"For the past 60 years, the NATO Defense College has been at the heart of NATO’s successful efforts to safeguard our freedom and security and to spread stability," the Secretary General said.
The NATO Defense College was founded in 1951 by General Dwight D Eisenhower, NATO’s very first Supreme Allied Commander in Europe (SACEUR), as a major centre of education, study and research on transatlantic security issues.
His aim was to found an institution which could contribute to the effectiveness and cohesion of the Alliance.
"Since the day this College was founded, it has been NATO’s foremost academic centre. For almost as long as NATO itself, the College has helped to shape generations of officers for the highest levels of servce," the Secretary General said.
Looking ahead, the Secretary General identified two key issues which are likely to shape the College's work over the coming years: the evolution of NATO's partnership policies, and supporting reforms in North Africa and the Middle East.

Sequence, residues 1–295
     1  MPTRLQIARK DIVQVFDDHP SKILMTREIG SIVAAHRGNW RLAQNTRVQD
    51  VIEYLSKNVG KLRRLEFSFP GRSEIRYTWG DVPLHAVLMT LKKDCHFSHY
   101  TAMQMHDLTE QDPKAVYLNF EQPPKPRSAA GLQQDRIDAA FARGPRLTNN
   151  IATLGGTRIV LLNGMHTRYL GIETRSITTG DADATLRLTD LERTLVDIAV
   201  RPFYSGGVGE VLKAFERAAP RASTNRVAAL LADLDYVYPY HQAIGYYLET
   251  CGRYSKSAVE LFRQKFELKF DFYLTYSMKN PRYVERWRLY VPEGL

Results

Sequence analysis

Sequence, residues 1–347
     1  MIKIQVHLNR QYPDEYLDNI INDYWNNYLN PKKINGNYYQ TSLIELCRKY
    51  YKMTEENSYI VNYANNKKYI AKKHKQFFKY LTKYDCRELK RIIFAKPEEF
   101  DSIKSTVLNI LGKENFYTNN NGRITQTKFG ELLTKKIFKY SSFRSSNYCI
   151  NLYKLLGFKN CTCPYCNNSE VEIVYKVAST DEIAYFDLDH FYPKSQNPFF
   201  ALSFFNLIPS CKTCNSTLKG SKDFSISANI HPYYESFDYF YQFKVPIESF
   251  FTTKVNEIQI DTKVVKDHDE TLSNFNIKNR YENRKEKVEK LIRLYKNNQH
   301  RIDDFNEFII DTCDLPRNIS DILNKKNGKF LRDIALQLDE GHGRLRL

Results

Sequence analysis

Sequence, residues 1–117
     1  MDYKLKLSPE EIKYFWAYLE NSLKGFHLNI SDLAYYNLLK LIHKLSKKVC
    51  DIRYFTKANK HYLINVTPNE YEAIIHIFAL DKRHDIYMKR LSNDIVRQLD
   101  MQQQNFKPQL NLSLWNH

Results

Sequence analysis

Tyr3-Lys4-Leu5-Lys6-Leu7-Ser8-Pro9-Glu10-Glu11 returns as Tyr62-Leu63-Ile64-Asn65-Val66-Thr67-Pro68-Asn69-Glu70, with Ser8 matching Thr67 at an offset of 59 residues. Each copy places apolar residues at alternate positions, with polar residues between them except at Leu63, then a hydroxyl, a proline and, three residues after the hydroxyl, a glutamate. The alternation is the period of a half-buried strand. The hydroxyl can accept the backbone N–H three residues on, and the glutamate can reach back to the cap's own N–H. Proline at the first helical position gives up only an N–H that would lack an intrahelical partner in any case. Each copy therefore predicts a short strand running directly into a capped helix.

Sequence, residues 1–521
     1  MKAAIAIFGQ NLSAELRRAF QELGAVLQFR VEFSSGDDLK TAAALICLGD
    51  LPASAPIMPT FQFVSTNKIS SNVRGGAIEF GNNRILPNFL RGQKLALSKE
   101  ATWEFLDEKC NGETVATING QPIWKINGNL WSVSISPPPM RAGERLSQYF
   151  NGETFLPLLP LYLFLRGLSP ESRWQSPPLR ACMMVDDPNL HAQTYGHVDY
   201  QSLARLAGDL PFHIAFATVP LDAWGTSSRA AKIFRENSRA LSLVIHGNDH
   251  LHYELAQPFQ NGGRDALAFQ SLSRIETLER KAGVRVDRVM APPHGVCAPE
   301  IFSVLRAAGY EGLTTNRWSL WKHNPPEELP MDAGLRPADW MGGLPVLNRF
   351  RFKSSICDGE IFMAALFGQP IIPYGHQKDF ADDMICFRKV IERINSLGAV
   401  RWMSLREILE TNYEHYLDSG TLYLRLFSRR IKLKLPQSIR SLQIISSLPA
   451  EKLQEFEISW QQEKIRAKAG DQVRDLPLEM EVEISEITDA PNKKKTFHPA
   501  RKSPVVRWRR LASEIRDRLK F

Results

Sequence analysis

"I could even imagine a new generation of officers from a democratic, post-Qadhafi Libya attending courses on civil-military cooperation at this very College. And I would hope to see that sooner rather than later," Rasmussen said.
To mark the anniversary, President Napolitano inaugurated a Historical Wall commemorating the first six decades of the College's life.
The President and the Secretary General also discussed current NATO issues, including operations in Afghanistan and Libya. Italy plays an important role in both operations.
The Secretary General also held talks with Italian Defence Minister Ignazio La Russa.
"I very much appreciate Italy's contributions to NATO operations. Italy is a staunch ally, and I appreciate our fruitful cooperation," the Secretary General said.